As enabling is a form of behavior that seeks to protect, fix, though not helpful as a response to problem drinking, it is the extending of this behavior over time that may lead to codependency.
"Codependency is an unconscious addiction to another person's abnormal behavior."
It is a condition of a dysfunctional relationship the codependent has with others. The codependent may see themselves as the only one who can fix the other's problems. This is known as a "Messiah Complex", "only they can change or fix the problem by protecting the person at all costs". Due to many factors mostly low self esteem, the codependent needs to be needed. The other person may become needy as a result of this relationship.
The codependent family members do everything possible to hide the problem, preserve the family's prestige and project the image of a "perfect family". The spouse and children may avoid making friends and bringing other people home, in order to hide problems caused by alcoholism. Codependent members often forget about their own needs and desires. They devote their lives to attempt to control or cure the drinker."1 (p.168)
As stated they become addicted to the alcohol-dependent persons's behavior as though they are under the influence of a substance. The codependent may become an impediment to the other getting effective care for their addiction The codependent may be in need of some form of intervention as serious as the alcohol abuser, though they may have never taken a drink.
One can begin to identify any codependent tendencies in a particular relationship by looking at certain consistent patterns, much the same as with enabling.2,3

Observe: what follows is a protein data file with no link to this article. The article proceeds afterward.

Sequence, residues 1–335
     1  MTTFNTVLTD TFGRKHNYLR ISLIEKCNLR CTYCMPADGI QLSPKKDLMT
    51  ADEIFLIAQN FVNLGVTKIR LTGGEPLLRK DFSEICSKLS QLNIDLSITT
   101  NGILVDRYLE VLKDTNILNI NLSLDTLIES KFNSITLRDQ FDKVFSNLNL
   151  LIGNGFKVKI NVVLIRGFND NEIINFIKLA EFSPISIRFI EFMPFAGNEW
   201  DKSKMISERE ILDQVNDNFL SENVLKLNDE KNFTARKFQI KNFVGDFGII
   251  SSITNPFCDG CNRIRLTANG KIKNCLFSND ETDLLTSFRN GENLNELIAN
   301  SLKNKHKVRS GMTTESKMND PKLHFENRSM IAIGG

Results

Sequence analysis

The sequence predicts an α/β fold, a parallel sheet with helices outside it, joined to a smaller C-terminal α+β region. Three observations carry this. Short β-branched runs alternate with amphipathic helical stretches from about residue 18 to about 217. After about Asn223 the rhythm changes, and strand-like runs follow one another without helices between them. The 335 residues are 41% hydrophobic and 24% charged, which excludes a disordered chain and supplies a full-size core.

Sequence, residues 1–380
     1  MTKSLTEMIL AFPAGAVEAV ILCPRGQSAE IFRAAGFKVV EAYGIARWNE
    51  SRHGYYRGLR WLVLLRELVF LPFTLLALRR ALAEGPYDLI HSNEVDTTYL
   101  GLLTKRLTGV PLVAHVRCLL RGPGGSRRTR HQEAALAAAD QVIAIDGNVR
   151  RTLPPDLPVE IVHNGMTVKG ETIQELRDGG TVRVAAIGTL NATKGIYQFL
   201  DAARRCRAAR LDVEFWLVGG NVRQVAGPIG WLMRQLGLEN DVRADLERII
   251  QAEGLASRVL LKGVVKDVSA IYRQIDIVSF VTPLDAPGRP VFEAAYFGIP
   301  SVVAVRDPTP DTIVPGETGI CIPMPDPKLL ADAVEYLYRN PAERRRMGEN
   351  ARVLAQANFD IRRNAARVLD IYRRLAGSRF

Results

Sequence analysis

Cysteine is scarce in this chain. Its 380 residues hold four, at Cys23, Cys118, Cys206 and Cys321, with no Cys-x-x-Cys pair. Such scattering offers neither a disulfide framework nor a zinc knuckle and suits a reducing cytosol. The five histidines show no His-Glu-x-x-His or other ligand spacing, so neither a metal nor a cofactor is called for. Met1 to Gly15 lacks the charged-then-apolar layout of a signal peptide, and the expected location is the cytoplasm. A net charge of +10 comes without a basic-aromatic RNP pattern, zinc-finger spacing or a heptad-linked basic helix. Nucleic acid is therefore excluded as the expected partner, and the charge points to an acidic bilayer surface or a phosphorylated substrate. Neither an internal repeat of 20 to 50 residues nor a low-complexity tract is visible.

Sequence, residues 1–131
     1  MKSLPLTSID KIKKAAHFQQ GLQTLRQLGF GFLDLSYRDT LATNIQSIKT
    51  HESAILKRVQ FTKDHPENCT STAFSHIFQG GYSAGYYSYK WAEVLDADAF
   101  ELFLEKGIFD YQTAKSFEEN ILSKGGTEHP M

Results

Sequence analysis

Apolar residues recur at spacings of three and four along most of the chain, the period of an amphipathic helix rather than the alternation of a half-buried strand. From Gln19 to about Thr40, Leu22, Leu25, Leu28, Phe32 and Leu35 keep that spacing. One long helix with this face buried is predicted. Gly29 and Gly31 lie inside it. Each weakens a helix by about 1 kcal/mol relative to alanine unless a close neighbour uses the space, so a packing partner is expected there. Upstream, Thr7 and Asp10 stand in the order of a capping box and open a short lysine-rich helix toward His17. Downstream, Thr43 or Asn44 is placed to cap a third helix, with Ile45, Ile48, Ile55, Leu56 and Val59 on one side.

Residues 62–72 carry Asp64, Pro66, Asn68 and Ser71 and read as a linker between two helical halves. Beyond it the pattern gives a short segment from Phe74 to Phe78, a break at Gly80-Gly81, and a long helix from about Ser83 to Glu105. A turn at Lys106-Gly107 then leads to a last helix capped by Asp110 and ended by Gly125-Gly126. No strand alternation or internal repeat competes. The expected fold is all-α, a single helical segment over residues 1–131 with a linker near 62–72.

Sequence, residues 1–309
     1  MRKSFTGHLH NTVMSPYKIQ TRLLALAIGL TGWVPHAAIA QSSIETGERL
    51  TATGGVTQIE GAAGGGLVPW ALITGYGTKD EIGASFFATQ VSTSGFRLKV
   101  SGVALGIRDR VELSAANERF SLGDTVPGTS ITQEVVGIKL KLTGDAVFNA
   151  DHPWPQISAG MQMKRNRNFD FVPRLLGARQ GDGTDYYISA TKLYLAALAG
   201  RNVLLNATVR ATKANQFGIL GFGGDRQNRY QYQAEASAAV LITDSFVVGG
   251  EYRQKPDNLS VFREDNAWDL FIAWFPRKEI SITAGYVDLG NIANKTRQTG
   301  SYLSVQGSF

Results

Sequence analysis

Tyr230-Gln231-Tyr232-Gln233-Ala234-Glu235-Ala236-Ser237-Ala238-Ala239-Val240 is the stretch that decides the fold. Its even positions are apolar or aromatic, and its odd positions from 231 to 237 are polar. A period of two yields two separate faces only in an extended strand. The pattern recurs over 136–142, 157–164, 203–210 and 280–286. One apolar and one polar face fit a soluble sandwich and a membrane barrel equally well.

Cermak (1986) proposed criteria for diagnosing codependency as follows:
- the investment of self-esteem in controlling oneself and others, particularly during adverse situations;
- taking responsibility for meeting the needs of others before one's own;
- experiencing anxiety and distortions of boundaries around issues of intimacy and separation;
- being enmeshed in relationships with persons with personality disorders or alcohol or drug problems;
- having at least 3 from a list of 10 other signs and symptoms including:
- denial as the primary coping strategy;
- constricted emotions;
- compulsive behavior;
- substance abuse;
- victim of sexual or physical abuse;
- stress-related illness;
- in a relationship with a substance abuser for more than two years without seeking help.4
Once recognized, the codependent person can receive psychotherapy to learn the process of detachment. Detachment is the process by which family members are able to live meaningful, enjoyable and satisfying lives, regardless of the alcoholic behavior.5 This process is an important part to overcoming codependency and thus allows the codpedent person to be responsible for their own life. It can be difficult because emotional detachment from the alcohol-dependent's behavior is similar to the alcohol-dependent person becoming abstinent. At first the codependent may have difficulty with this process, confusing it with abandoment so it is important that through therapy, they are reminded that it is, in actuality, a reaffirmation of one's self.6
More detailed information on Codependency
What can I do to help?
The 'Window of Opportunity'
What can I do if someone is not willing to get help?
- Wekesser, C. (1994), Alcoholism. San Diego: Greenhaven Press, Inc.
- Cermak, T. (1986). Diagnosing and treating codependence. Minneapolis, MN: Johnson Institute.
- McKay, J.R. (1996). Family therapy techniques. In F. Rotgers, D.S. Keller, & J. Morgenstern (Eds.), Treating substance abuse: theory and technique (pp. 143-173). New York: Guilford Press.
- Errol O. Rodriguez, MA, CRC, Revisiting the Alcoholic Family: An Integration of Psychodynamic and 12-Step Oriented Theory. Counselor. The Magazine for Addiction Professionals. Vol. 6, No. 3, pages 14-19, June, 2005. http://www.counselormagazine.com/content/view/69/63/
This page was last modified on : 08/02/2012